Something that we’ve learned at Curata is long form blog posts actually out perform any other content format that we’ve tried out in the past. So, I do think that it really depends on your audience. What they want, what they’re coming back for, but also what problem you’re trying to solve for. Something that’s going to work at the top of the funnel is entirely different than something that might be best for helping to improve conversion rates through the middle or the bottom of the funnel.

Yeah, I definitely think personalization is still a part of it. You mentioned the predictive intelligence part. I think that’s a huge trend that will continue to impact Martec now and through the future, and that’s certainly something that Curata is looking at incorporating. Once we can understand what content is performing best for what purposes or outcomes, we can start doing some really cool and smart things around recommendations to help marketers figure out what to promote, what to do more of, that kind of thing. I’m really excited to see how the predictive part will influence how folks use our product and how our roadmap evolves.

Sean: No, 100%. You mentioned long form content and another interesting trend, maybe it’s just a passing fad, I don’t know, but I’ve actually seen with the email messages that I get from a lot of marketers that I get these days, because I definitely field a lot of them so at least I have some standing here … They’re actually starting to make the emails a lot longer too, where they’re almost at the point where they’re putting the entire blog post into the email. I’m like, "Well, there’s something to that," because maybe it’s like it’s one less click. They can just devour the content. I think it’s going to make it a little bit harder to track, but a lot of interesting stuff happening there.

Amber, in terms of your team and how you guys are built out … What does your marketing team look like? What are the parts that you own? What’s the lay of the land?

Amber: Yeah, so we’ve grown from a three person team when I joined three months ago, to a six person team now, with our most recent hire will be starting next week. Really, the goal has been to expand the skillset on the team and get us to a space where we have some specialization on the content side, so that we can just do more. We’re really focusing right now … My goal is to build the team and the operational foundation that we need to pour fuel on the fire for 2017 so that we can scale and grow really quickly.

John: You guys … I’ve noticed from the site that you integrate with all the major players. What are you using as far as system of record, email service provider, all that kind of stuff?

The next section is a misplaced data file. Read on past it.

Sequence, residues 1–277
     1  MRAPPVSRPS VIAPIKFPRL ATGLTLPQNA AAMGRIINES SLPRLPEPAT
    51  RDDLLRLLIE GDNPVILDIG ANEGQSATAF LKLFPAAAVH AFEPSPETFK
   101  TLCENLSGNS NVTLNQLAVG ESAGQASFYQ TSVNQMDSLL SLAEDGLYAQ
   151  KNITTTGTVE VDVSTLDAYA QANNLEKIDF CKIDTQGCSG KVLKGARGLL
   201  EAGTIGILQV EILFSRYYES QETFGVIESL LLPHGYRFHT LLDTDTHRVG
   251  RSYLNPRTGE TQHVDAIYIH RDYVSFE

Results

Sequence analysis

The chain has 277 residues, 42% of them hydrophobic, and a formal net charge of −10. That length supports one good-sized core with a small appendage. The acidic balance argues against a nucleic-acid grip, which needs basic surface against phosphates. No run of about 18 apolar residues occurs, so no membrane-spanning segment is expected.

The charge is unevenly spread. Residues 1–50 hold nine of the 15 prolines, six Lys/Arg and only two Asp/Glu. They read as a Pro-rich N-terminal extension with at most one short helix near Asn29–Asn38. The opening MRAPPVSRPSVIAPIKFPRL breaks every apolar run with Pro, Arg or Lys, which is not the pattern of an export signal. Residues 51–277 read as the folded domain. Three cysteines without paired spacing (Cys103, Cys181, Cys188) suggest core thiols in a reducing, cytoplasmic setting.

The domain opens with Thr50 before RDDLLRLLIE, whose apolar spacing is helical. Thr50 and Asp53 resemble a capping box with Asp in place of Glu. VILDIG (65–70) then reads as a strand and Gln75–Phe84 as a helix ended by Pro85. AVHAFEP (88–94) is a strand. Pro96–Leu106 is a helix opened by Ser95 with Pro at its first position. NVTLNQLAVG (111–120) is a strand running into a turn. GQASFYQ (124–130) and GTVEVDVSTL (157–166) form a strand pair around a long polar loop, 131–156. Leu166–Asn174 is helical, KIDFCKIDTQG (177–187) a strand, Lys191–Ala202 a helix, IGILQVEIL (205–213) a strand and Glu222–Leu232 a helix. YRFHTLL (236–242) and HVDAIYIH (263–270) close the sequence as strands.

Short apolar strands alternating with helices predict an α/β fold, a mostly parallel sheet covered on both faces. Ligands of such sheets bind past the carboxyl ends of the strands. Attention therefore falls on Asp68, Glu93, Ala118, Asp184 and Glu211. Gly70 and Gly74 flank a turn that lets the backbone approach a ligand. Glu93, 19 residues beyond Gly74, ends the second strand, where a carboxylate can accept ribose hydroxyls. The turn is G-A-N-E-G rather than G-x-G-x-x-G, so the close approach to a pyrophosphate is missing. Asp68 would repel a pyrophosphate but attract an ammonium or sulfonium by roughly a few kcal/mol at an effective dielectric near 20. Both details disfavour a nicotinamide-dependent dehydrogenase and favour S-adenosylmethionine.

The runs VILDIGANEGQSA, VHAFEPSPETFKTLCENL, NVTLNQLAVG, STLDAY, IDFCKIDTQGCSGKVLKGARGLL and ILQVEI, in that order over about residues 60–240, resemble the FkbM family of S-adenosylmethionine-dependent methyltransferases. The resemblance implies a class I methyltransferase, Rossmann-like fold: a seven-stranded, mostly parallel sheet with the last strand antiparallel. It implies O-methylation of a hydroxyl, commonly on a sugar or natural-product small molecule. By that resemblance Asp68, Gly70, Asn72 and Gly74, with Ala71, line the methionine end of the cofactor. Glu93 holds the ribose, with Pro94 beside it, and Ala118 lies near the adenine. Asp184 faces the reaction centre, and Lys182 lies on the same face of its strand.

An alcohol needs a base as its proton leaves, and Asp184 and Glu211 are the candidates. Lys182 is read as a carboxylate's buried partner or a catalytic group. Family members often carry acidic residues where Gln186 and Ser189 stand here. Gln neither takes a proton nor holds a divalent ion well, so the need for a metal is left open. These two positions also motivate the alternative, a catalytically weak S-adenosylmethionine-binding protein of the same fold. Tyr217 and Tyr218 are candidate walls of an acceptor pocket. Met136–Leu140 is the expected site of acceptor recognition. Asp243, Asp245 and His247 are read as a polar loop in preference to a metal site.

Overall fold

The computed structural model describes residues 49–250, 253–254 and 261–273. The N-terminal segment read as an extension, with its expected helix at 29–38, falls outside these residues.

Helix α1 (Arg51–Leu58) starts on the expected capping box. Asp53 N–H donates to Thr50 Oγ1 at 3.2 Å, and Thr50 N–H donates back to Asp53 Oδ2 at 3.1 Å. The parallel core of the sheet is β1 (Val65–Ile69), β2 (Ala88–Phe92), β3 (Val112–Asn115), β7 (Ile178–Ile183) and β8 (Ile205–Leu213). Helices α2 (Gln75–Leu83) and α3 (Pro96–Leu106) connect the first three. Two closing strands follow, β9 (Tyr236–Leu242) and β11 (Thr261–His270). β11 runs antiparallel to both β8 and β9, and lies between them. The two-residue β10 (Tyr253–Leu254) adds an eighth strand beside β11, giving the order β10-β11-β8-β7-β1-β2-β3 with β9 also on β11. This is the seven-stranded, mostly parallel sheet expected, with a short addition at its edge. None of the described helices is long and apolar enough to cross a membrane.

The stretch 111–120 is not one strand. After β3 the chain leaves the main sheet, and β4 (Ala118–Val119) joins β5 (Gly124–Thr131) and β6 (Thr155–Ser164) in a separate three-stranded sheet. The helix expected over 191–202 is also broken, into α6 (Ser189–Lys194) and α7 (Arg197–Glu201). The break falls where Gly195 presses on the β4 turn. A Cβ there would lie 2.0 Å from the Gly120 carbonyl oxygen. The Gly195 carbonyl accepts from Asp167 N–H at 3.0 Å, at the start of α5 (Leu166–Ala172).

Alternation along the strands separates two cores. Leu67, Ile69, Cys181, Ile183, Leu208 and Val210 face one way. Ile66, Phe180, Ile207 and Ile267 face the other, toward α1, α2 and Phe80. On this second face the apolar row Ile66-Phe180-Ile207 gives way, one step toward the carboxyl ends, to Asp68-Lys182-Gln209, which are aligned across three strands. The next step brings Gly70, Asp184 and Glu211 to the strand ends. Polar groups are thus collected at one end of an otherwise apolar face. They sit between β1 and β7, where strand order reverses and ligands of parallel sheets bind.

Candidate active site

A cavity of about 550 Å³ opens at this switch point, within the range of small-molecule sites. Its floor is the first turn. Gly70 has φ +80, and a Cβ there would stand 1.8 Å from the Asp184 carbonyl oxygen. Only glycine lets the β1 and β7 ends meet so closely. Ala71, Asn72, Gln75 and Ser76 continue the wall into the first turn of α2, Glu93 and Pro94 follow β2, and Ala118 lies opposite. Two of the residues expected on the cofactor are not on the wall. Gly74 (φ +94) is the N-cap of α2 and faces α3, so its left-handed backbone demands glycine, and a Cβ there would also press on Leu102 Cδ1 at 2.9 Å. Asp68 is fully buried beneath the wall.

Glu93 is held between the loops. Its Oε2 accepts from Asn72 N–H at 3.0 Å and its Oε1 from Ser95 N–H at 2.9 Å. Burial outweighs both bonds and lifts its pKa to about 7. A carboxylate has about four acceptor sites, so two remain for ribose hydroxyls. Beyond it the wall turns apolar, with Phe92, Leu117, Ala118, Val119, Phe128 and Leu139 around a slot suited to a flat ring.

Amber: Sure. This is another area where we’ll be investing in and growing in the future. The goal is really to expand and layer on the different channels that we’re using and continue to empower the team to find ways to optimize, refine, and do more. The stack that we have now … We use Salesforce, and Marketo for our CRM and marketing automation, and then we’ve also got InsightSquared for our reporting. On the sales side, we’re leveraging Datanyze and SalesLoft to help with some of our outbound prospecting and account selection. In the future, the places that we’re looking to invest in are ABM Tech. So, we’ve been doing our diligence and research in that space. That’s a really interesting growth category as well, so we’ve been doing a lot of demos for the last couple of weeks there. Thinking into the future about what personalization and A/B testing solutions and … I really expect to invest a lot in growing our marketing stack as we learn what’s working.

Sean: Now that’s curious, because I know ABM Tech in particular as a category, while it’s still pretty early, I’m curious. Any sort of observations that you’ve found as you’ve guys have started to explore the different types of solutions? Any sort of trends or things you could bring?

Amber: Yeah. I think it’s funny that ABM is so cool right now because …

Sean: Is it?

(Laughing)

Amber: … like most things, it’s been around forever. I think that the interesting thing is, it’s not necessarily that there’s a new problem that’s been defined, but there’s new solutions that help make the approach smarter and maybe easier in some cases. That’s what I think is cool about the ABM space now. Early days in, you know, but I think again what’s interesting to me is how to evaluate what we need now versus where we’re going to be maybe six months to a year from now. The challenge, I think, is that there are solutions out there that do so much, and when I think about where we are at right now and what we need, they feel much bigger than what we would be willing to take on right now.

There are other solutions that really zero in on helping with the reporting and just the connection of the leads and accounts, and that’s really interesting as well. Some companies seem to take more of a sales enablement approach to solving that challenge versus maybe really powerful marketing tools. It’s early days in terms of what we’re evaluating, but again it’s a lot of things to consider for a marketer in one of those spaces where, kind of like content marketing, it may not always be super clear exactly which problem you need to solve right now and how to bring on the tech that’s going to work for what we need now, but continue to grow with the team as well.